PULLMAN – Scott Frickel has been awarded a $56,908 grant from the National Science Foundation to fund innovative research on the use of citizen-based science in response to the gulf oil spill disaster.
 
“Citizen science,” a method involving collaboration between scientists and members of a community, seeks to advance scientific knowledge and societal well-being in concert. While the approach is not new, little is known about what makes citizen-based science projects succeed or fail.
 
Frickel, associate professor of sociology, will work in New Orleans with local Vietnamese fishermen and Jeffrey Wickliffe, an environmental toxicologist from Tulane University. They will examine the effects of the oil spill and investigate how experts collaborate with area residents to produce meaningful results for both the scientific and local communities.
 
Methods and goals
Frickel will use mixed methods and a parallel study design to accomplish two goals:
 
* examine the social conditions and processes that produce or forestall community-driven initiatives;
* and expand environmental knowledge about the outcomes of the disaster.
 
In addition to the combined expertise provided by environmental scientists and social scientists, the interdisciplinary effort will include the expertise of Vietnamese-Americans whose livelihoods rely on commercial and subsistence fishing.
 
The findings from the parallel study will advance the basic social studies of science, providing insight into the lay/expert collaboration process that generates successful citizen science.
 
The collaboration will produce a toxicological study of wetland contamination, including exposure to petroleum hydrocarbons and the genetic impacts on shrimp in the area.
 
Building trust in science
When the British Petroleum mobile oil drilling rig exploded on April 20 – releasing over three months approximately 206 million gallons of oil into the Gulf of Mexico – it created what is considered the largest marine oil spill in history.
 
After meeting with President Obama, BP executives created a $20 billion response fund to aid in restoration and cleanup efforts. Because the majority of the research conducted in the Gulf has been performed by BP, or by firms being paid by BP, local fishermen often do not trust the information they receive.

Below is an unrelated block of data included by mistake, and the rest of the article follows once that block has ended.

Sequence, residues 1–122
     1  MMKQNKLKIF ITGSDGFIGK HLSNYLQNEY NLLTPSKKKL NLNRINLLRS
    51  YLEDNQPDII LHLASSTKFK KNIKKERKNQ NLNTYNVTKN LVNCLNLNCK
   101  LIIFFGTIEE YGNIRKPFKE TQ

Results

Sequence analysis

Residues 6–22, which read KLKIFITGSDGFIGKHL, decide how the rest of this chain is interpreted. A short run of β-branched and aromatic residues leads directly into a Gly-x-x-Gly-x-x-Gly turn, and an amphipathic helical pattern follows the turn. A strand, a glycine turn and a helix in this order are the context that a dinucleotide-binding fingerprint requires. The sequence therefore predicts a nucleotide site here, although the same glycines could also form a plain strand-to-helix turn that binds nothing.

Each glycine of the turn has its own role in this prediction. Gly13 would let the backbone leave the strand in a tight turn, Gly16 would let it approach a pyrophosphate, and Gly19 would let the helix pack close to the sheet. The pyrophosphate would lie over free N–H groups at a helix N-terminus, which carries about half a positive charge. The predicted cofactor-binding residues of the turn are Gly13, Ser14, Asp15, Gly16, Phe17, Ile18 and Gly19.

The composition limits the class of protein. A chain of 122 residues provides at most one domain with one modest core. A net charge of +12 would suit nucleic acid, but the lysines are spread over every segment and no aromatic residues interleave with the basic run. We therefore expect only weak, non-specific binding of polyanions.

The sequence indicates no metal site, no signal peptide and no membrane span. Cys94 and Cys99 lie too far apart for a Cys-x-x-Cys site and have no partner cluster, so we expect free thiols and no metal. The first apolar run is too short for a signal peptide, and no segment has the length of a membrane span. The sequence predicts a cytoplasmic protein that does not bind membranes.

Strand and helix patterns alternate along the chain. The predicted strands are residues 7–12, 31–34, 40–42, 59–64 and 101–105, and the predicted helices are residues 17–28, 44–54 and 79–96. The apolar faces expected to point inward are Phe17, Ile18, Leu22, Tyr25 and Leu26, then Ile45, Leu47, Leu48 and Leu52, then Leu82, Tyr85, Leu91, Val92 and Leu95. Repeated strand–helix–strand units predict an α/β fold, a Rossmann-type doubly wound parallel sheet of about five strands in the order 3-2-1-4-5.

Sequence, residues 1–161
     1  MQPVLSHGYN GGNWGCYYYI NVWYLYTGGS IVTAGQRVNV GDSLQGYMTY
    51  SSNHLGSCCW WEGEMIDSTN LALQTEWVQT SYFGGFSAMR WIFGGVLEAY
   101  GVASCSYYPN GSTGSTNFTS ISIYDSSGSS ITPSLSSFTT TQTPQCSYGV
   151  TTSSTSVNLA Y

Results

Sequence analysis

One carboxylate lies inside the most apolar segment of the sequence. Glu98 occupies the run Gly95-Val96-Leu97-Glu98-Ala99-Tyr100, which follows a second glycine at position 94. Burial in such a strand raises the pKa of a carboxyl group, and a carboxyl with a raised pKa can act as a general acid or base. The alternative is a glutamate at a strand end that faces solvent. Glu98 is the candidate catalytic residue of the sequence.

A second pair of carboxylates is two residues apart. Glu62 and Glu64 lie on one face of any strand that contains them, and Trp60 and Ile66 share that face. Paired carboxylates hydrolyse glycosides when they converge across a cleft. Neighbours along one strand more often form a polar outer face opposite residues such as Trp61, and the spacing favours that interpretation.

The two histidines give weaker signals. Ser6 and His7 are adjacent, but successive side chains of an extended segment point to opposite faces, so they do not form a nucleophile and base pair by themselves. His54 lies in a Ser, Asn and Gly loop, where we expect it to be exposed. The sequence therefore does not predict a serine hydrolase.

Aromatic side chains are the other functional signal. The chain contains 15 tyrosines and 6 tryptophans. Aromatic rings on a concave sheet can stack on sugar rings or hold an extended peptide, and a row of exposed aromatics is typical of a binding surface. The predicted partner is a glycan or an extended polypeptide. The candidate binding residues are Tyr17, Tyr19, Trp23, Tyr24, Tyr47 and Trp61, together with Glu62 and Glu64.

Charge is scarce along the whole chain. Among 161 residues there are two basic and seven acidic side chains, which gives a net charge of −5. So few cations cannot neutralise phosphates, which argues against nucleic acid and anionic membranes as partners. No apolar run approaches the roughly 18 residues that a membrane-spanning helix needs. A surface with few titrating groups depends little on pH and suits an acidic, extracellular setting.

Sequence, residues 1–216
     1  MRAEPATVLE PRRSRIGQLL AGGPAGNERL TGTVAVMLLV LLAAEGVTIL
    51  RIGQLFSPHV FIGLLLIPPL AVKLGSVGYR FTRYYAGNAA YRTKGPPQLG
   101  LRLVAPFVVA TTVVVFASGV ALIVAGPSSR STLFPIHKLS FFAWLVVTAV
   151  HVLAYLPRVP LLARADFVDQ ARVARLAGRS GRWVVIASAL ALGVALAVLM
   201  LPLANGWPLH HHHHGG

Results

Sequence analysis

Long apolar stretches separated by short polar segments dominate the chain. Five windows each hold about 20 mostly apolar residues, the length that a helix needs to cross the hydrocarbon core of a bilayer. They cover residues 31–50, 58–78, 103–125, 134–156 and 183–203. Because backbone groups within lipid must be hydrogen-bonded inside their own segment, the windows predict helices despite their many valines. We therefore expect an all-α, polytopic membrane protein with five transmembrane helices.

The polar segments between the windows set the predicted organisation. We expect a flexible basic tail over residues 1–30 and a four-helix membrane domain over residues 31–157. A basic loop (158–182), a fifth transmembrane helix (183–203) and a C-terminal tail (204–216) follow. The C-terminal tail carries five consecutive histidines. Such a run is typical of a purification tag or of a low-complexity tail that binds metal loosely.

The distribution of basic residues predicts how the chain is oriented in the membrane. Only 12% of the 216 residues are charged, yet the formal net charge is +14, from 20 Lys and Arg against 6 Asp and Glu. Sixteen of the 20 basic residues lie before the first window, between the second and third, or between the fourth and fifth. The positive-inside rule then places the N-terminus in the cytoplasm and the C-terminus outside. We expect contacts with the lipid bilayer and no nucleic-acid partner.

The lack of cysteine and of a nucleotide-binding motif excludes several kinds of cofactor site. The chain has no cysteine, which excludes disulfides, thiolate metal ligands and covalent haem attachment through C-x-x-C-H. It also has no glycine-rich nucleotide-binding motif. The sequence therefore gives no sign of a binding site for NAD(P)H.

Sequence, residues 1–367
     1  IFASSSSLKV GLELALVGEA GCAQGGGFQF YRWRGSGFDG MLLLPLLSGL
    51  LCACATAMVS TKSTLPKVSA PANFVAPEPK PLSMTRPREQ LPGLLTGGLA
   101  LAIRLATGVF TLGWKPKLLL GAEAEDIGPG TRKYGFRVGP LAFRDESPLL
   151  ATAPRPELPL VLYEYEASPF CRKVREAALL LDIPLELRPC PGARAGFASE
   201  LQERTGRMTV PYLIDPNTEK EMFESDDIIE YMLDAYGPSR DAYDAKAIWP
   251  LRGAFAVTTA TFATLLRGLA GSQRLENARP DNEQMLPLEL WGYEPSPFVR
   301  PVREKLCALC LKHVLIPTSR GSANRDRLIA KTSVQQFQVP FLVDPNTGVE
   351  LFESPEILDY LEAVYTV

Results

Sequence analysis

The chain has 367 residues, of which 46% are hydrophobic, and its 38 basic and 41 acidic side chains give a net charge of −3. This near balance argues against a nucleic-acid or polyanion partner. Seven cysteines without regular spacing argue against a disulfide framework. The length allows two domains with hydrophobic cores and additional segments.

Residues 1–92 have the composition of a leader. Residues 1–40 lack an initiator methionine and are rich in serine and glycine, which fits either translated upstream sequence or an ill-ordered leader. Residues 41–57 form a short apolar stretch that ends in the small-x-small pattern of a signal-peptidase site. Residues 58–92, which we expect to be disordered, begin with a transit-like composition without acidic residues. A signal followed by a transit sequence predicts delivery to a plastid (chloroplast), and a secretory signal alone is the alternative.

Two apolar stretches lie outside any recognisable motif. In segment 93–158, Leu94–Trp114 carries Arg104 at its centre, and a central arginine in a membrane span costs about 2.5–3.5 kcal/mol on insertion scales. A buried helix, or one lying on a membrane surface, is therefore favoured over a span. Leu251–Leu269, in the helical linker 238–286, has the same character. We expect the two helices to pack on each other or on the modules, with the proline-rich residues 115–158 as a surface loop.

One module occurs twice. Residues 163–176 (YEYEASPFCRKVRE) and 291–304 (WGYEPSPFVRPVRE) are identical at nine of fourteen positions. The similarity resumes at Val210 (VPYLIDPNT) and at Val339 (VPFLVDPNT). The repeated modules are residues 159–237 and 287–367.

“There are just phenomenal amounts of distrust down here,” Frickel said.
 
By collaborating with fishermen, he hopes to provide community members with research they can believe in.
 
“Ideally this research will give the community some knowledge they can and will trust,” Frickel said. “Hopefully, learning and experiencing how science is done will build some faith in the research process and at the same time improve the quality of the knowledge the project produces.”
 
Addressing local needs
Frickel is working with the Mary Queen of Viet Nam Community Development Corporation (MQVN) in New Orleans to assess the needs of the community and recruit volunteers. MQVN was created by community leaders shortly after Hurricane Katrina to help Vietnamese-Americans in the area rebuild their lives.
 
“(Participating in) a citizen science study is crucial because it allows the community to fashion a research proposal that directly addresses their specific needs,” said Daniel Nguyen, program director for MQVN.
 
Through a series of meetings, community surveys and interviews, Frickel has been able to determine what is important to the people of the area and what questions they would most like to see answered.
 
“(This process) ensures that the research ultimately benefits and is useful to the participating community,” Nguyen said.
 
“Our goal here, in theory and practice, is to make that collaboration the best we can,” Frickel said. “Citizen scientists are integral to the process from beginning to end.”
 
The research also is groundbreaking because it involves immigrants, a subset of the population that historically has not had meaningful involvement in scientific research.
 
“We hope to build the capacity of community members to actively (take part) in future scientific research endeavors,” Nguyen said.
 
Citizen collaborators
Nearly all of the volunteers Frickel works with are dependent on fishing to sustain their way of life. They are local residents concerned about the environmental and economic effects of the spilled oil that may impact them long after cleanup is complete.
 
“Ultimately, we would like to find out about some of the effects of the oil spill in such a manner that addresses specific community concerns as opposed to the concerns of those funding the cleanup efforts,” Nguyen said.
 
It is just as important, Nguyen said, to have community involvement from the start so the resulting data will be viewed with trust.
 
Citizen-based research is not common practice in the scientific community, but Frickel believes it has its place, especially in situations like the Gulf oil spill.
 
“The standard assumption that people without Ph.D.s don’t have any sort of expertise that would enable the production of better and more robust science is, in many cases, frankly quite wrong,” Frickel explained. “The fishermen have a depth of knowledge that is really unquantifiable; their input has helped us generate a research design that we would not have come up with on our own. They have been really important already, and we are just getting started.”